Cost of climbing Mount Everest
In May 2014, Kuntal Joisher, a software engineer from a suburb in central Mumbai was all set to scale the Everest. Unfortunately, the 34-yearold had to return from Everest Base Camp (EBC) because his expedition was called off after 16 Nepali sherpas died in an avalanche at 19, 000 feet in April 2014 soon after the season had just begun.
Joisher, who had been diligently training for the expedition for six years, was disappointed. But instead of making the long trip back to Mumbai, he chose to climb Mt Manaslu in the Nepalese Himalayas, the eighth highest mountain in the world; on October 1, 2014, he became the second Indian civilian to summit the peak, after Arjun Vajpayi (the youngest to climb Mt Manaslu in October 2011, when he was 18).
Come May, Joisher will again attempt to scale the Everest; this time around it won't be with his earlier Canadian Everest expedition team led by famous Everester Tim Rippel of Peak Freaks but with a Nepal-based agency with whom he climbed Mt Manaslu.
Climbing the Everest is the dream of most climbers, until they realise the price that has to be paid — monetarily, physically and mentally. Not all can afford to climb the Everest.
Last year, when Joisher was to climb the Everest, he was sponsored by an American company CallFire Inc, a cloud telephony services provider. He was also climbing for a cause — to spread awareness about dementia, a medical condition his father has been suffering from for 12 years. But with the expedition called off, he lost the money and had to raise fresh funds for this season's climb through crowdsourcing. By the time you read this, Joisher would have left for Nepal and his trek to EBC would have started on Friday from Lukla.
"Getting sponsors is not easy due to the risks involved, " says Joisher. Seldom do corporate entities come forward. Climbers have been known to take hefty loans or even mortgage their homes, whilst a few are plain lucky to get their family and friends to sponsor them.
Alan Arnette, a motivational speaker who started climbing at 38 (he is now 57) and completed his Seven Summits climb for Alzheimer's, writes a blog — alanarnette.com — which is popular among climbers. "Getting the money is harder than climbing the Everest. The best way is to set aside money every month for as long as it takes. This is how I funded 26 of my big climbs, " he says.
Brawn and Brain
The cost of climbing the Everest starts from the time you start training 12 to 18 months before the actual climb. One cannot climb this peak without being physically and mentally fit. Endurance levels have to be at their peak.
Training can cost roughly , 000 (around Rs 5 lakh). Joisher says training in Mumbai was not so difficult and costly. In 2014, he had opted for Peak Freaks Boot Camp training that cost him , 000. Boot Camp was a climb of three peaks in Nepal: Lobuche East (6, 119 metres), Pokalde (5, 806 metres) and Island Peak (6, 145 metres).
Pre-Everest expeditions in India — like climbing peaks above 6, 500 meters till about 7, 300 meters — are expensive. One expedition can cost between Rs 50, 000 and Rs 1.5 lakh.
In the past five years Joisher has spent around Rs 35 lakh on training. "The money was spent on organising trekking and climbing expeditions, equipment and training. I spent the majority of my earnings from the past 13 years on my dream to climb the Everest."The Other Costs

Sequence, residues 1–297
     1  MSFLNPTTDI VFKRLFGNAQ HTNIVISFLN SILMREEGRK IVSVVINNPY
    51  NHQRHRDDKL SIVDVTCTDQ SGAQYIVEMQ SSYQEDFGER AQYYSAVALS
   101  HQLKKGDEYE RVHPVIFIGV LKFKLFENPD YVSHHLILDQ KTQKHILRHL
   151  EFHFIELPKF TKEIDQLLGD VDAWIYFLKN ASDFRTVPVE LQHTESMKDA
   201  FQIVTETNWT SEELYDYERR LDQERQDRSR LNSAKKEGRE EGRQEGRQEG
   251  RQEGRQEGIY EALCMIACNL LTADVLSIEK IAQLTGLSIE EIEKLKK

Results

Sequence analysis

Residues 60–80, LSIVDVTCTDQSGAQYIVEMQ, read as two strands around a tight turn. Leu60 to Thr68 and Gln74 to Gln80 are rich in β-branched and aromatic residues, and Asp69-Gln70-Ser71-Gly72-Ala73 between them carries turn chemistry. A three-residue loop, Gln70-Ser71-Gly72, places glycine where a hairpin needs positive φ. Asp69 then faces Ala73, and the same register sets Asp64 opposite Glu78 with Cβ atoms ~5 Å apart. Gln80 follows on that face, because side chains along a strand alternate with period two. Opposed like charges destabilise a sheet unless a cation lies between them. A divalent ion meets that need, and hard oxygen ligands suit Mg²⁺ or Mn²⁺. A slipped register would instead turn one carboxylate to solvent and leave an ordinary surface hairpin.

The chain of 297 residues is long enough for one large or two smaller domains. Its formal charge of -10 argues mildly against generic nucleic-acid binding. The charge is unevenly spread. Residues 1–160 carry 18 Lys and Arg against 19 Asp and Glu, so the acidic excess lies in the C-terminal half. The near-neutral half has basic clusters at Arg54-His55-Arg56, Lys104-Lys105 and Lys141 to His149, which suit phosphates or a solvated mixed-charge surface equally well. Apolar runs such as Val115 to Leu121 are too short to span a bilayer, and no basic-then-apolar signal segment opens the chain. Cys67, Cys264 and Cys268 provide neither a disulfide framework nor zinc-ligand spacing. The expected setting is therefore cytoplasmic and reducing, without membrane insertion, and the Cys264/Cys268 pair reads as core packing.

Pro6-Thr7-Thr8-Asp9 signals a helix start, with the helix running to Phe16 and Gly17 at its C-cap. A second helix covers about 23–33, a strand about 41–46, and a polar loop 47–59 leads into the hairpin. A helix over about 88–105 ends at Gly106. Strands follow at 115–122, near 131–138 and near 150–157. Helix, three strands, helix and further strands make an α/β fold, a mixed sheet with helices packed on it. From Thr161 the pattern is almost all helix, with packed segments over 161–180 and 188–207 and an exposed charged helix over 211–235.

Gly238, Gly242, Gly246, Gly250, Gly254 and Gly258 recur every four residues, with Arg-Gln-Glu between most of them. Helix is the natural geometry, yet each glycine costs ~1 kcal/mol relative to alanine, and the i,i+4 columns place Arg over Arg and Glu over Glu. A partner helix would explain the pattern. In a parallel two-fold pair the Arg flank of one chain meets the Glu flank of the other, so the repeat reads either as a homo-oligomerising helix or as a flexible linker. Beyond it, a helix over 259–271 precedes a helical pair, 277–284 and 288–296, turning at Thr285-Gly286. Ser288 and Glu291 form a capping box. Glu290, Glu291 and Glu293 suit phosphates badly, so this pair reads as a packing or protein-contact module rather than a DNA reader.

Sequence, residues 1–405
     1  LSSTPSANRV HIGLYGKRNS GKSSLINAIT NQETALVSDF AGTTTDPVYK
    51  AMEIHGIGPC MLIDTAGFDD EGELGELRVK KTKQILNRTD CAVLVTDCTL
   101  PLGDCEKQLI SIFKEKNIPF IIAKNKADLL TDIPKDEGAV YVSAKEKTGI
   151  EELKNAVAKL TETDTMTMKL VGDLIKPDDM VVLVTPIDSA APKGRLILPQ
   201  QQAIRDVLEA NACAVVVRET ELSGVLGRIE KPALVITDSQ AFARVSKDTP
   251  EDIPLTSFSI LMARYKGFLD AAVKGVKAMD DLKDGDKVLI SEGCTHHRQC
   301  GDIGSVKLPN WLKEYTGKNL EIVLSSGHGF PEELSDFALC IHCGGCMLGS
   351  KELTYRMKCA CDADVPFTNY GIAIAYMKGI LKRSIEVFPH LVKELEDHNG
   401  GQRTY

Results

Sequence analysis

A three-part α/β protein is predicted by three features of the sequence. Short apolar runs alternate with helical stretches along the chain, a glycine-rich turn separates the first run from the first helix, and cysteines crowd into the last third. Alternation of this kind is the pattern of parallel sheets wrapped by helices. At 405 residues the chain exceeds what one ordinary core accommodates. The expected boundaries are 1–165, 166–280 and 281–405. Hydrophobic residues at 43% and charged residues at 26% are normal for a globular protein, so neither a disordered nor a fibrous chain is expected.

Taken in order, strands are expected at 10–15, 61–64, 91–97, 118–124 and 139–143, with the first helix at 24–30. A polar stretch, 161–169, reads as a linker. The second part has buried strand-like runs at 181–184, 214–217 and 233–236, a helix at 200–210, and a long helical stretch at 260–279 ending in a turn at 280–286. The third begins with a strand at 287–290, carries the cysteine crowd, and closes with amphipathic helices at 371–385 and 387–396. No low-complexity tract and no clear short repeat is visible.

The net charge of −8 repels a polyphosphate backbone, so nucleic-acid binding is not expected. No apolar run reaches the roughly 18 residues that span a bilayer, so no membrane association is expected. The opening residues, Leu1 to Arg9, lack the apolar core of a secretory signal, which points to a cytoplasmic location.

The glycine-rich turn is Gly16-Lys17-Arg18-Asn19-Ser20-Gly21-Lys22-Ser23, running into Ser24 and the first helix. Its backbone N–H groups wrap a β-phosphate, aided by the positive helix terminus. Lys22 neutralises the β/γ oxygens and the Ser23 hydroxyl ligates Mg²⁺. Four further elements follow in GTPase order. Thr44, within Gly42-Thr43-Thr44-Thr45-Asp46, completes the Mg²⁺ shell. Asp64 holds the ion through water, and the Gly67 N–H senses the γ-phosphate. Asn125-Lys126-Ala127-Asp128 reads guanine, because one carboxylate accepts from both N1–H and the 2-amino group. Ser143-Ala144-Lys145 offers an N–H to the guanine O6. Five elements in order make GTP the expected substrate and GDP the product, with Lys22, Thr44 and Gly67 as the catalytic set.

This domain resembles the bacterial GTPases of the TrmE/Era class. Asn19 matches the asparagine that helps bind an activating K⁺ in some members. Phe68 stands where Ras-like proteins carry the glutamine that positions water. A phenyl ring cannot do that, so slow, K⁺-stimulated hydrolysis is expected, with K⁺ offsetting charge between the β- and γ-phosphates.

Your next investment is in personal gear. While one can rent the gear, having your own personal gear that fits you well is the best. Once the gear is in place, the next is the cost of the climb itself. Those looking to scale the mountain pay between $25, 000 and $75, 000 to even $100, 000 per person, depending on factors such as desired comforts, the amount of bottled oxygen, sherpas, amongst others.
Joisher spent $48, 500 for the climb with Peak Freaks. "The typical cost when climbing the Everest with a Western agency is $45, 000 and above. With a local Nepali operator it can be between $25, 000 and $40, 000." The cost includes the royalty fee of $11, 000 for the peak. Most agencies conduct sherpa-supported climbs. It's nearly impossible to climb the Everest without them. In her book Incredible Ascents to Everest, Sumati Nagrath touches upon the role of the sherpas. Their remarkable physiology enables them to be more resilient to altitude sickness than others on extreme heights.
Over the past 60 years, little has changed: it is undoubtedly the sherpas on whose backs the world's tallest mountain is still conquered.
THE SHERPA ECONOMY
The Nepal government earns around $3.25 million as royalty fees from climbers every season. It charges $11, 000 per person for climbing the 8, 000-meter peak. Nepal's economy is largely built on Everest expeditions. However, very little actually goes to the sherpas.
Within the sherpa community too there is a difference in earnings. There are climbing sherpas and there are those who only carry the load. Sherpas earn depending on their experience, foreign-language skills, how much load they carry and how generously they're tipped. And, for these arduous tasks sherpas earn between $3, 500 (Rs 2.2 lakh) and $5000 (Rs 3.1 lakh) per climb in the season which commences in March and ends around the first week of June.
The most experienced and renowned sherpa could earn up to $8, 000 (Rs 5 lakh) per climb. This money lasts them until the next season begins. However, the earnings hardly compensate for the risks they take. Compared to the Western guides, their earnings are far less. A western guide can earn as much as $20, 000 (Rs 12 lakh) per climb.
After the tragedy that occurred last year in April, things have changed slightly for the sherpa community. The Nepal government and the Nepal Mountaineering Association (NMA) are now taking a closer look at their compensation levels and are in the process of creating a basket fund.